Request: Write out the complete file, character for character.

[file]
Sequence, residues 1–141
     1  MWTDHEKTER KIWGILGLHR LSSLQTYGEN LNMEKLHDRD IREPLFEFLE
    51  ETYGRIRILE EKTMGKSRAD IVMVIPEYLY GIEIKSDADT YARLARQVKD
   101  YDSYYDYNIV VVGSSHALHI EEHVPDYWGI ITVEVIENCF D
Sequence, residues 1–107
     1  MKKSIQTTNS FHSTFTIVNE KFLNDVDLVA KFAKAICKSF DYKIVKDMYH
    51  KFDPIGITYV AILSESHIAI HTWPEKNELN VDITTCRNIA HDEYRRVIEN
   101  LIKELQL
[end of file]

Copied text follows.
Sequence, residues 1–141
     1  MWTDHEKTER KIWGILGLHR LSSLQTYGEN LNMEKLHDRD IREPLFEFLE
    51  ETYGRIRILE EKTMGKSRAD IVMVIPEYLY GIEIKSDADT YARLARQVKD
   101  YDSYYDYNIV VVGSSHALHI EEHVPDYWGI ITVEVIENCF D
Sequence, residues 1–107
     1  MKKSIQTTNS FHSTFTIVNE KFLNDVDLVA KFAKAICKSF DYKIVKDMYH
    51  KFDPIGITYV AILSESHIAI HTWPEKNELN VDITTCRNIA HDEYRRVIEN
   101  LIKELQL